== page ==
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Monday, Sep 24 2001 | 17:09
The Unspoken Heard are one of today's best kept secrets since Diamond D. Asheru and Blue Black are doing their thing since '96. But "their thing" is far from being the "normal" hip-hop thing; even for a so called independent group the sound and vision of The Unspoken Heard is simply outstanding.

It took them nearly five years to finish their debut album "Soon Come". The name may sound reggae but the story behind it is a whole different one.
"Basically "Soon Come" is dealing with the process and the road we took going from where we started to putting out this full length now.", Asheru explained in an in depth interview with, "The album deals with more emotions and moods than anything... It's showing our personalities, viewpoints, and our world outlook, illustrating how we view our surroundings."

What sounds a bit abstract in pixeled words, makes fully sense when you listen to the record. Incorporating the talents of J.Rawls, 88 Keys, Ge-ology, Richy Pitch, Yusef Dinero, Sound Providers, Djinji Brown, DJ Khalil (of Self Scientific) and Lone Catalysts "Soon Come" is one of the most beautifully crafted pieces of hip-hop I have encountered this year. Jazzed out with an easy listening sound (minus all the bad connotations this pseudo genre normally evokes) but also deep and soulful The Unspoken Heard have the rare talent to uplift and entertain the listener at the same time. Conscious hip hop you can play at barbeques and candle-light dinners. Or as the "self employed b-boys" state in the current 12" from the album: "Elevator music for the up and coming ... something both you and your kids can enjoy".

Even though the two MCs were raised in different parts of the USA (Asheru is from Maryland, Blue back is from the Bronx) and still not live on the same block, they are clicking non-stop whenever the mics are open. With a strong independent organisation as label and backbone (7 Heads, baby !) Asheru even manages to emcee and teach. Not like KRS-One but like J-Live at real schools with real pupils.

"Sometimes, I choose not to tell my kids until later on in the school year after they get to know me. I don't just go in there and start rhyming because the message might get lost." he says about his other job, " There are always tactics you can use in the classroom. Sometimes I end up running my class like a show. Kids get their arms in the air and call and respond. I just try to employ all of those different tactics to teach them. I teach 1st grade, so if I'm asking a math problem I get them charged up enough to throw their hands up and compete. They have to write little affirmations for themselves that they memorize and repeat. I just incorporate it subtly. I also have another program that I developed. It's a cultural arts exposure program where I go around to different schools and do workshops. "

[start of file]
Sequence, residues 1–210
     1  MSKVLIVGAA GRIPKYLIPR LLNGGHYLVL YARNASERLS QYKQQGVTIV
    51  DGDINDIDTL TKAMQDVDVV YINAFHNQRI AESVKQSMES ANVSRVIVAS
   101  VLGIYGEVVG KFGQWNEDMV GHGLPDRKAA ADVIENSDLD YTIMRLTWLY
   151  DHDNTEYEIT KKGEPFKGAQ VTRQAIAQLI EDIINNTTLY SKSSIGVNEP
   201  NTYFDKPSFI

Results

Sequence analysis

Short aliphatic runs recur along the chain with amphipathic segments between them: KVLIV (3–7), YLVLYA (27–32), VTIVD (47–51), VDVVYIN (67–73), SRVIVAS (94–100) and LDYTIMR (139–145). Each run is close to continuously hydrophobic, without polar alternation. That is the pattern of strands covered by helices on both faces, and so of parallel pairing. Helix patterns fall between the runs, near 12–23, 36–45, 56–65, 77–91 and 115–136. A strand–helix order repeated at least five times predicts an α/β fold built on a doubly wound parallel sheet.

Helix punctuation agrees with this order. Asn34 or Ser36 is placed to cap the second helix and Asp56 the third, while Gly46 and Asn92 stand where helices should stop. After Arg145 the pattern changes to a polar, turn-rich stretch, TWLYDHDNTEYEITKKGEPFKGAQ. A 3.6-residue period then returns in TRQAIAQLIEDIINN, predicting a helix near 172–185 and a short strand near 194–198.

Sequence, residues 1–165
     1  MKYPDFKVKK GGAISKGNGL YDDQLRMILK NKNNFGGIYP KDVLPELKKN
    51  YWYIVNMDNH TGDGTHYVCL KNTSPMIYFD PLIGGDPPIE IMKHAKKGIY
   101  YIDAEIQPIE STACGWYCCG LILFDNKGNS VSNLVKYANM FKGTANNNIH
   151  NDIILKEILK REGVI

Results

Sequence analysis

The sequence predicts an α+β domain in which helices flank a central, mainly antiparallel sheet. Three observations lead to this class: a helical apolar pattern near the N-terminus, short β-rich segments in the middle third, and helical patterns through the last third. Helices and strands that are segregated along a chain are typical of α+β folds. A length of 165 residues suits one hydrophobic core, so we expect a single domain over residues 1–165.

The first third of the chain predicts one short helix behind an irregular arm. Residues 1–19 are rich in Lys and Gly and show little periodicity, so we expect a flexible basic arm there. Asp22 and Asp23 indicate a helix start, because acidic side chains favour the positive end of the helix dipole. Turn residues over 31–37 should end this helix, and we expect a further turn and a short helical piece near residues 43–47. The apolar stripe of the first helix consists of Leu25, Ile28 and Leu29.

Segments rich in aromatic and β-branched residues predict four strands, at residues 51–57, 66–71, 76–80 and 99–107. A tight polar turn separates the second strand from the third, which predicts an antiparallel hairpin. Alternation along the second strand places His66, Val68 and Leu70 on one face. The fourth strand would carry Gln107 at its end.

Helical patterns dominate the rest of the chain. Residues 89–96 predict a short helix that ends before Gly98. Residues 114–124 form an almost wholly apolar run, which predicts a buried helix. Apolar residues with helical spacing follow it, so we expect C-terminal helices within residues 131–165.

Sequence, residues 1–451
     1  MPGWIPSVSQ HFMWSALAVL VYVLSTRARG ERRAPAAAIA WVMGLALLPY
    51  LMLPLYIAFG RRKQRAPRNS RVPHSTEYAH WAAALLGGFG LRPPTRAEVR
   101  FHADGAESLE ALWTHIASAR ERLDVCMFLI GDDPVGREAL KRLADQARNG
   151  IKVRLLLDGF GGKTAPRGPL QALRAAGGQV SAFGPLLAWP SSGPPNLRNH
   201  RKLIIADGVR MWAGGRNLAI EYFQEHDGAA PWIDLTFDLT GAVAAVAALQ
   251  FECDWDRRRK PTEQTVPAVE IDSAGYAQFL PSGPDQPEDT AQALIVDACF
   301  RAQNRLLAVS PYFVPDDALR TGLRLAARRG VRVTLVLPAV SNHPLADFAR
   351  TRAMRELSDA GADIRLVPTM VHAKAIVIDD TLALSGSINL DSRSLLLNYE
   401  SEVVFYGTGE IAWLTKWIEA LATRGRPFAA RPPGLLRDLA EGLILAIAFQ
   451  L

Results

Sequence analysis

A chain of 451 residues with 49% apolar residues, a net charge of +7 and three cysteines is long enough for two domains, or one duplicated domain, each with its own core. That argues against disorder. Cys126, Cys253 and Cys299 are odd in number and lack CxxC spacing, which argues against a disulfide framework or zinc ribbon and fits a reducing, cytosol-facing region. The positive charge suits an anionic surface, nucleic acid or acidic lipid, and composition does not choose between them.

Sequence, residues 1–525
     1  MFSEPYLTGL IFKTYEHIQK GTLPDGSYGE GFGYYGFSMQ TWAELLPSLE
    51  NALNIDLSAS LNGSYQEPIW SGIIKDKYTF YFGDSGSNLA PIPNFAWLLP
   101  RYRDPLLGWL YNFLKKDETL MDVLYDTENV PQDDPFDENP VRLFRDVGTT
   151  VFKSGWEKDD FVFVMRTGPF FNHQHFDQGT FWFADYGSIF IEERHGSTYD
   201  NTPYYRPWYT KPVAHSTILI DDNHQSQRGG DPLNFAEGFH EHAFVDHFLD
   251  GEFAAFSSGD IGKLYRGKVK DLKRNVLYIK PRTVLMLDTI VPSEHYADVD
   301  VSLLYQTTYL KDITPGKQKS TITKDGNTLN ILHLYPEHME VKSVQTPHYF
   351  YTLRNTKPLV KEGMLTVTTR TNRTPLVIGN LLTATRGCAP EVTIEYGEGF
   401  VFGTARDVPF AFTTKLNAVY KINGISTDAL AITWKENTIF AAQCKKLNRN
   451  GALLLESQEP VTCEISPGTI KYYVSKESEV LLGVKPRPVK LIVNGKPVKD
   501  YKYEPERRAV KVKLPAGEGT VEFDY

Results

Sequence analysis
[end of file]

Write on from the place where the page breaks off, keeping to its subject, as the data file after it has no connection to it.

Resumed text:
Where indie-kids all over the world try hard to keep their backpacks and the web clear of anything that smells bling-bling, Asheru knows better than most hip-hop experts how the little ones tick: " They don't know nothing. Snoop is the godfather of hiphop to them. They look at Snoop like he is their uncle. They look at Snoop like we look at KRS. They know cats like Mos Def, but they love Lil Bow Wow. Bow Wow is the man in my class, but oddly enough they like Jill Scott. When I taught middle school the kids heard the instrumentals to the song "Ain't No Woman" and they was like that's Jaÿ Z! The other teacher heard them and was like that's EPMD. He said ya'll don't know nothing about that. He told them 'I miss EPMD but you missed EPMD'. To them anything that comes out of mouths of people like Lil Kim is golden. Sometimes just for kicks I'll be like 'y'all never heard of Stetsasonic? UMC's?' It's so funny to me because they never heard of these people and think they know music. That's why I started that program because I have to show them what they missed. You gotta get the whole story you can't come in on part 3."

A grassroots activist and artist by heart Asheru also believes in direct action when it comes to The Unspoken Heard and the "Soon Come" album. "My ultimate wish is for people to hear it and spread the word for others to pick it up. I noticed when Jill Scott's album dropped she didn't get a lot of publicity, but her shit spread like wildfire. She was just on everybody's lips and that's how I want it to go. It will be on a smaller level because we are independent, but in those circles I want it to have a good reputation. I think people will enjoy it for how musical it is and will be able to relate to it. I want people to feel it's a good solid product."

Words: Oliver/Olski von Felbert
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